They might make the occasional lunge forward and strike but mainly, shows of dominance are a lukewarm affair and settled without injury.
Most Victoria crowned pigeons have a diet made up of what they can forage from the ground.
That includes fruit that has fallen from trees, grains, seeds and small invertebrate animals, such as worms.
This type of pigeon is known for particularly enjoying figs.
In captivity, Victoria crowned pigeons eat a seed and grain mix that’s similar to what is offered to other pigeons and doves.
They also need a good mix of fruits and vegetables each day.
This kind of bird doesn’t overeat so uneaten food should be removed each day.
Because of their size, this kind of pigeon needs more space to move around than other, smaller species.
They are good at keeping themselves entertained and spend a good part of the day walking in a rather ungainly gait around their area and looking for food.
As mentioned, the Victoria crowned pigeon is a social creature so they shouldn’t live on their own.
They will be more active and happier if they have at least one other pigeon to share their space with.
Victoria Crowned Pigeon Breeding and Reproduction
Like some other kinds of birds, Victoria crowned pigeons often mate for life and males woo the females by bowing and waving their tails.
Females can begin breeding at 15 months of age and generally lay one egg in each clutch and spend about 30 days incubating it before it hatches.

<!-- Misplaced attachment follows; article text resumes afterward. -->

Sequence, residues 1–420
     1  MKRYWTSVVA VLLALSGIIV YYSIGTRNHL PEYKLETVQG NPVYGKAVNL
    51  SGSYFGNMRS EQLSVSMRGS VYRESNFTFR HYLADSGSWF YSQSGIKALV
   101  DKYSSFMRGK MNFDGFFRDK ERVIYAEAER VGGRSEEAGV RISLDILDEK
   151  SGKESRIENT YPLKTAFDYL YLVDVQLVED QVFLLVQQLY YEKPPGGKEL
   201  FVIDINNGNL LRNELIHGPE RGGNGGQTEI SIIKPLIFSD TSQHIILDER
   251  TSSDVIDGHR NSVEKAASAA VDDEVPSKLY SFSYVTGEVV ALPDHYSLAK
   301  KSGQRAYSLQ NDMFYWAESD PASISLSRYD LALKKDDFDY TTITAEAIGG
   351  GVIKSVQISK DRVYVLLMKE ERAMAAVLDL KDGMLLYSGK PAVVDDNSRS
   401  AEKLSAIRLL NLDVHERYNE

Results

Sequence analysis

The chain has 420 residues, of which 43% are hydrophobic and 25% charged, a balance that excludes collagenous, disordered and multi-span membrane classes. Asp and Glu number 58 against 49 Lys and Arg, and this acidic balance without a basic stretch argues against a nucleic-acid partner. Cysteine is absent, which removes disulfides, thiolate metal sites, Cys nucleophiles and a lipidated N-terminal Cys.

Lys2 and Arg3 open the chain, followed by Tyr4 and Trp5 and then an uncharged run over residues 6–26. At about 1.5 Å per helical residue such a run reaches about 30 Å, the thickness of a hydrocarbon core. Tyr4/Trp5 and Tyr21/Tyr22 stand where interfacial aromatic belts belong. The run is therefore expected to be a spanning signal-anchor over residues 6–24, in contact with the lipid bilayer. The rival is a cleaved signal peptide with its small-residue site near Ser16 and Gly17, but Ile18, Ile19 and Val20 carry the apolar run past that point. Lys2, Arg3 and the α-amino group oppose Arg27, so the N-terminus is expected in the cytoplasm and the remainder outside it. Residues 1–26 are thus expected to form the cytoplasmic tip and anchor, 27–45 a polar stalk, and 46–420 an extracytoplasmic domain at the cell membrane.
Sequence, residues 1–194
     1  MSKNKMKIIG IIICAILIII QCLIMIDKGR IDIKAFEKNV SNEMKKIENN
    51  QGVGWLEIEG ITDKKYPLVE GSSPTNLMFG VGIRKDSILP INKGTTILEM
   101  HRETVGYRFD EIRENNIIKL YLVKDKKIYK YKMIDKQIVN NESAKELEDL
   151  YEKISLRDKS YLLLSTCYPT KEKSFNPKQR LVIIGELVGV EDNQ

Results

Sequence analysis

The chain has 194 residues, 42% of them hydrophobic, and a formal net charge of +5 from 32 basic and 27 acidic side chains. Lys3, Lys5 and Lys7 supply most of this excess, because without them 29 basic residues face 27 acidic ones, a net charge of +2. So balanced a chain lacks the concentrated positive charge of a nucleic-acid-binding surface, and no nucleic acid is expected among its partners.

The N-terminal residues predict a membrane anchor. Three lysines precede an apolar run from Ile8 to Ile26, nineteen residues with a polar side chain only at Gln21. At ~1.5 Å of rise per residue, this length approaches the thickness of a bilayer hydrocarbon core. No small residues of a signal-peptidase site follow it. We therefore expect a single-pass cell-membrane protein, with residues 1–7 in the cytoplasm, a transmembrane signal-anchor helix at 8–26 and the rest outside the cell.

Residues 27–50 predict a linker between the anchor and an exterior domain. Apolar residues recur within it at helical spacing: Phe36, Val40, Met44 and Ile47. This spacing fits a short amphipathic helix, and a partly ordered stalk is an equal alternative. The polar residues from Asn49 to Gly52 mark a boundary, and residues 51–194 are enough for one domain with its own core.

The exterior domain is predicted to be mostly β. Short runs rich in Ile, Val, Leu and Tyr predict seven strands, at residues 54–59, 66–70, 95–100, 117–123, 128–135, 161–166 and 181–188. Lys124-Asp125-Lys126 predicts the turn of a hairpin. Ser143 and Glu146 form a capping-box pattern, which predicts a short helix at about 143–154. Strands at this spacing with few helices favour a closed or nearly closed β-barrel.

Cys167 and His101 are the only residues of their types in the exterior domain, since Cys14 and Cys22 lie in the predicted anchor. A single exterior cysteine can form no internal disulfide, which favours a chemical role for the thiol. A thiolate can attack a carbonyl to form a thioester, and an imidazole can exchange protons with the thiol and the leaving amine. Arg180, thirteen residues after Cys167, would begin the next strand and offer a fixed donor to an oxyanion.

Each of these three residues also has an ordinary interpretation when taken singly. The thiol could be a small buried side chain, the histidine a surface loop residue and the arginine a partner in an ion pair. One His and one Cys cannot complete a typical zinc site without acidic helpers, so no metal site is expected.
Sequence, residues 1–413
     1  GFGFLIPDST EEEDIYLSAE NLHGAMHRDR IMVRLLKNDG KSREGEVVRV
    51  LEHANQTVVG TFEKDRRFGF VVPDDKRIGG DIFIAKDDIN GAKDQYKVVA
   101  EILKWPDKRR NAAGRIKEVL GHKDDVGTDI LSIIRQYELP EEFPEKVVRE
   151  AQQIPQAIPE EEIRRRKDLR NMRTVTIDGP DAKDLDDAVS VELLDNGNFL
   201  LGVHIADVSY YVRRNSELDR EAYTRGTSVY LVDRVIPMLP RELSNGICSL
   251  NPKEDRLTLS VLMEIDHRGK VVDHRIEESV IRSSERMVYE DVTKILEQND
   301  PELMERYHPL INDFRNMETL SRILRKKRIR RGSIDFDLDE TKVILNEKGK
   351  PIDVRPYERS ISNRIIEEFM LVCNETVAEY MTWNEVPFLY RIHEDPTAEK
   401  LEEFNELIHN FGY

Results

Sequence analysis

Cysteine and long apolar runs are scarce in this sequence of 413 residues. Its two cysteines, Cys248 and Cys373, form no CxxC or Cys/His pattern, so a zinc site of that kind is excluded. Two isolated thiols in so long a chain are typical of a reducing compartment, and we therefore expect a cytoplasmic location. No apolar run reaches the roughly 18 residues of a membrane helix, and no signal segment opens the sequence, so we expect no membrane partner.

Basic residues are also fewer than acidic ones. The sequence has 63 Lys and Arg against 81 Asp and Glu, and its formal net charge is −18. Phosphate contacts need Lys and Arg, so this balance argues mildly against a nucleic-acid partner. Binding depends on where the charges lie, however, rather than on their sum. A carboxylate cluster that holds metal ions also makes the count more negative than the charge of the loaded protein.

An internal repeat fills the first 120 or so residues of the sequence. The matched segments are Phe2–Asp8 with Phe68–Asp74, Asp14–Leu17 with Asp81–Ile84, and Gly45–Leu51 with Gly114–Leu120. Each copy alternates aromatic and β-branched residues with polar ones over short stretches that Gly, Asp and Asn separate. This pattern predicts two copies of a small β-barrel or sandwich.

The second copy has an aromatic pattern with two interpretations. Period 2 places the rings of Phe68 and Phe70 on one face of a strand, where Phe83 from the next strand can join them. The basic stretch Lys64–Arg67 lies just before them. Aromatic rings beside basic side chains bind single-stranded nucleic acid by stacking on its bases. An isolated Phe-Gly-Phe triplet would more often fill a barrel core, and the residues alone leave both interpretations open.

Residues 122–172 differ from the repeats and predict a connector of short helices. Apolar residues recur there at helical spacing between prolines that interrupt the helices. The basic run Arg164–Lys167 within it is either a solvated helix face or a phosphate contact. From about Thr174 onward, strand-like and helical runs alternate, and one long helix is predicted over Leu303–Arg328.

Pigeons feed their babies using crop milk for about 13 weeks, but fledging happens within 4 weeks.
Both the mother and father pigeons play a role in rearing the young.
Threats To The Victoria Crowned Pigeon
The biggest threats to the Victoria crowned pigeon are illegal hunting and destruction of their habitat as many parts of Indonesia and Papua New Guinea continue to be developed.
Because of this, they are on the IUCN Wildlife Red List.
The development of oil palm plantations and logging continue to displace the birds, giving them a category of “Near Threatened.”
The bird had previously been given “Endangered” status but has been downgraded largely due to the decline in hunting of the Victorian crowned pigeon, as well as the measures being taken to protect them.
Capturing this breed of pigeon to keep in captivity is illegal, but still happens from time to time.
Though hunting the birds has declined in recent years, there’s still this threat to the birds.
Current estimates indicate that there are about 10,000 to 20,000 Victoria crowned pigeons in the wild.
Conservation methods are employed in many of the bird’s natural habitats as an effort to preserve their numbers and protect their population.
This includes monitoring hunting activity and trade numbers, as well as employing public awareness campaigns to help protect the species.
As a Red List bird, the world’s zoos are invested in conservation efforts.
Their striking appearance and pleasant nature make them popular and in the UK they can be seen in Edinburgh, Chester, Bristol and Dudley zoos.
They also live at the London Zoo and can be seen in the Lorikeet Lookout on the walkthrough exhibit’s feeding station.
In October of 2020, the Dudley Zoo successfully helped a female Victorian crowned pigeon hatch a baby, adding to the numbers of the birds kept safe in captivity.